After pitching his perfect game, Halladay commissioned around 60 Baume & Mercier wrist watches that he subsequently gifted to all active roster members of the Phillies, as well as the coaching staff, all clubhouse personnel (including at least one batboy), training and video staff, and public relations officials for the team. Each watch was personalized, with the name of the recipient engraved on the back, and an inscription on the boxes reading, "We did it together. Thanks, Roy Halladay."[25] Halladay enlisted the help of Frank Coppenbarger, the Phillies' director of team travel and clubhouse services, to help compile the list of recipients. In addition to those associated with the Phillies, Halladay's family, his wife's family, his agent, Blue Jays scout Bus Campbell, and sport psychologist Harvey Dorfman all received commemorative perfect game watches.[26]

Postseason no-hitter

On September 27, 2010, Halladay pitched a complete game shutout to defeat the Washington Nationals 8–0 and lead the Phillies to their fourth consecutive National League (NL) East championship title.[27] When the Phillies played the Cincinnati Reds in the 2010 National League Division Series, Halladay was called to start Game 1, his first career postseason appearance. He proceeded to throw 104 pitches in a no-hitter, giving up one walk to Jay Bruce in the fifth inning. Halladay also contributed offensively to the game, with an RBI single in the second inning.[28] Halladay was only the second pitcher in MLB history to throw a postseason no-hitter, following Don Larsen's perfect game at the 1956 World Series, and he was the first pitcher to no-hit in both the regular season and the postseason.[29] He was also the fifth pitcher in MLB history to throw two no-hitters in the same season, and the first since Nolan Ryan in 1973.[30] Halladay's postseason effort was the first no-hitter in the history of Citizens Bank Park, and it was the first time that the Phillies had no-hit the Reds since Rick Wise pitched in 1971.[31] The Phillies swept the Reds in three games and advanced to the 2010 National League Championship Series,[32] where they were defeated in six games by the San Francisco Giants.[33]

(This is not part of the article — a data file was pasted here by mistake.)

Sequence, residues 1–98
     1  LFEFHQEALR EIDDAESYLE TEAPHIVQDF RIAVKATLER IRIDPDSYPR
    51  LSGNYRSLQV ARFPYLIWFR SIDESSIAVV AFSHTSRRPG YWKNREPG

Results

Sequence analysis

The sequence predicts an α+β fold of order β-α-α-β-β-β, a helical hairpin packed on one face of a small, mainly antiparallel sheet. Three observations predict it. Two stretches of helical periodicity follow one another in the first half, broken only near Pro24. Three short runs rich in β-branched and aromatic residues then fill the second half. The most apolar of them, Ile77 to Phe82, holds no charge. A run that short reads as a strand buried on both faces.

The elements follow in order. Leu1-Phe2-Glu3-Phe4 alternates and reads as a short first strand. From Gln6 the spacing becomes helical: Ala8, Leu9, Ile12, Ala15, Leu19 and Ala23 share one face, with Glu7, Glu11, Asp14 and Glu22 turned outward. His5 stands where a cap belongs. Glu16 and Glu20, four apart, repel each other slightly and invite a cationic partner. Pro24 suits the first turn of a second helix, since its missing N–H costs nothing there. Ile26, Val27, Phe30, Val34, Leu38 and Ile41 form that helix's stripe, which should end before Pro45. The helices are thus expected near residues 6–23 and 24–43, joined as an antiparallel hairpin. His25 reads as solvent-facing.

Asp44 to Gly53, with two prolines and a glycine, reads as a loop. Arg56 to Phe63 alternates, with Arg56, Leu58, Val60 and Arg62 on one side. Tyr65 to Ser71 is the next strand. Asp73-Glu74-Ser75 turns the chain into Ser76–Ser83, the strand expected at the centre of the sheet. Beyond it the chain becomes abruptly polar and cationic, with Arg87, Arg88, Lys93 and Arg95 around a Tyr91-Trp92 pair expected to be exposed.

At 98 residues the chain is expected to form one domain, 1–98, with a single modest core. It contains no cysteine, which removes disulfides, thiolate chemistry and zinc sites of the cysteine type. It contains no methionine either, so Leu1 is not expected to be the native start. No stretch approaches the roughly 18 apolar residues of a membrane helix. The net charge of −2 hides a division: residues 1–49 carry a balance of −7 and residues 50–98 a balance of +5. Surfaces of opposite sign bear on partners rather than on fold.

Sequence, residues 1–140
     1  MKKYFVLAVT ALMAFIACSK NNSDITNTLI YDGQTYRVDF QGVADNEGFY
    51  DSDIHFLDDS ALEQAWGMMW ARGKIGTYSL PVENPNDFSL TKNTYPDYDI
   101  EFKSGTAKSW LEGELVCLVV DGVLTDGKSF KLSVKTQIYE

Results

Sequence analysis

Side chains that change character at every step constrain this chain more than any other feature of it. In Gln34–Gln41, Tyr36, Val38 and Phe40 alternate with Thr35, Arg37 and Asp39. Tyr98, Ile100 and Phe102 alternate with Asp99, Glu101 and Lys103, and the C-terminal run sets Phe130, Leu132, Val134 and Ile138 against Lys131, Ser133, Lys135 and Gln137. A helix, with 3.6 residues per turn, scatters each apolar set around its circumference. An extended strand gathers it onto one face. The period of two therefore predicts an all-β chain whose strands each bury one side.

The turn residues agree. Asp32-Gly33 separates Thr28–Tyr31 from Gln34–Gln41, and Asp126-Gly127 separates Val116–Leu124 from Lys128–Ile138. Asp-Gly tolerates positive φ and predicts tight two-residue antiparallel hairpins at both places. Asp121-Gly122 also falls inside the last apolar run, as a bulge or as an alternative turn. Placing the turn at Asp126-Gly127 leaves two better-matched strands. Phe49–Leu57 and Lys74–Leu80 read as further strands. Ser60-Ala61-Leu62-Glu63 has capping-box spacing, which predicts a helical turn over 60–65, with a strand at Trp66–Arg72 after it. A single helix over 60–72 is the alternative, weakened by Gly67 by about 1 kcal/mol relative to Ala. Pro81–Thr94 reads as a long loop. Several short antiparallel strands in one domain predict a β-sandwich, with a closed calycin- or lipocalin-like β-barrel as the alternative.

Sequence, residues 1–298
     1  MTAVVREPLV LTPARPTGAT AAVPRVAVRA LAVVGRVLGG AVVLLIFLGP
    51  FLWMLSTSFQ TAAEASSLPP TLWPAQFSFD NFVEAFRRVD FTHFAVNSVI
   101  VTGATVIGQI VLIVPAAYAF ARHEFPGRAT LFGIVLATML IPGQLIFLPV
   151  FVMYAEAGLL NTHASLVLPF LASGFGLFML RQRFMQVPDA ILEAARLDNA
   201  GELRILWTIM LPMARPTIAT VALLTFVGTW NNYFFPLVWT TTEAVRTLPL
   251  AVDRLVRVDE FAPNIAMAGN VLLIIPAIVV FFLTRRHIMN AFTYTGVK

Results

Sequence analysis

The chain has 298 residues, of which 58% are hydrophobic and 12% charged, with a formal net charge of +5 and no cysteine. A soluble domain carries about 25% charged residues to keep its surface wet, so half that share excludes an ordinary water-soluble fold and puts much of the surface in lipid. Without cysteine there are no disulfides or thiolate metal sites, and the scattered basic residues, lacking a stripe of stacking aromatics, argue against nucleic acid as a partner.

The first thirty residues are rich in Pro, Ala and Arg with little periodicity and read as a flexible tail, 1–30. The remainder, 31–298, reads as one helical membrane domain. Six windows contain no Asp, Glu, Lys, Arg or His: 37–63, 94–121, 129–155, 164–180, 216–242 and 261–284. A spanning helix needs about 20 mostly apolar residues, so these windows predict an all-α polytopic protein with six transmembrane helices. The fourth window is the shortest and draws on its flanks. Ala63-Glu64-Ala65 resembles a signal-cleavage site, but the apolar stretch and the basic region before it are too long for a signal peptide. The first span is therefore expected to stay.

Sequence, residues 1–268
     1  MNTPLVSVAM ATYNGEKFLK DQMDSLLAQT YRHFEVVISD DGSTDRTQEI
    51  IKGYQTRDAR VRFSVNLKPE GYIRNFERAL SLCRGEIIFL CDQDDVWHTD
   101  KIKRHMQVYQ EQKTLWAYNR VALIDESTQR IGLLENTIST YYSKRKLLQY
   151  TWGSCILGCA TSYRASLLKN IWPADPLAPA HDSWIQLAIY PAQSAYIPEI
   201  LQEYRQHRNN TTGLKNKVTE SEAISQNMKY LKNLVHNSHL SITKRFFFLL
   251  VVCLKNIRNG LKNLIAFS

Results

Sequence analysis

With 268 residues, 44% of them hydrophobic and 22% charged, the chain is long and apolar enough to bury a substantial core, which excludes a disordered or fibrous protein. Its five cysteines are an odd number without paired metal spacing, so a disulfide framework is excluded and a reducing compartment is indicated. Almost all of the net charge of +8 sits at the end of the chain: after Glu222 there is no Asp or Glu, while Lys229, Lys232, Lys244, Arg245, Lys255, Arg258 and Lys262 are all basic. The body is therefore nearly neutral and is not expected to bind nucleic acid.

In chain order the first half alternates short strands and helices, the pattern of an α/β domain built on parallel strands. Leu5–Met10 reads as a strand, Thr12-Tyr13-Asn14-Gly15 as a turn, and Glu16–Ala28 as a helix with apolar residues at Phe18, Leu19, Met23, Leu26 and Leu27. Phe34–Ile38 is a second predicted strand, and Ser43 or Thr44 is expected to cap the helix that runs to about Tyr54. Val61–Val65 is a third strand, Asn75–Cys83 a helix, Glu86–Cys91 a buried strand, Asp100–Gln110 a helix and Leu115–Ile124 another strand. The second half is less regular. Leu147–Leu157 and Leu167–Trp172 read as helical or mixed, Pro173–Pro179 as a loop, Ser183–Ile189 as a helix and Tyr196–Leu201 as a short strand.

Josh Johnson, who pitched opposite Halladay during his perfect game, would face the pitcher several more times in their respective careers, and maintained a respect for Halladay.

Halladay's perfect game came during a dominant season for pitchers across MLB. By June 14, 2014, 24 starting pitchers had posted an earned run average (ERA) of under 3.00. By comparison, only 11 pitchers finished the 2009 MLB season with a sub-3.00 ERA.[34] By July 31, pitchers were striking out an average of 7.03 batters per game, the highest of any MLB season. Teams were scoring an average of 4.94 runs per nine innings, the lowest since the 1992 season, and only one batter, Jose Bautista of the Blue Jays, had registered 30 or more home runs for the season.[35] Following Halladay and Braden's perfect games, Galarraga's near-perfect game, and Stephen Strasburg's 14-strikeout major league debut, Roy S. Johnson of ESPN was one of the first to name 2010 the "Year of the Pitcher".[36] Sports Illustrated echoed the term, and attributed the strong pitching performance of the season to a ban on performance-enhancing drugs for batters, greater attention to the development of young pitchers, as well as an influx of pitching talent across the league.[37] By the end of the year, the MLB league-wide batting average was the lowest that it had been since 1992, and pitchers had thrown five official no-hitters or perfect games—six, with the inclusion of Galarraga.[38]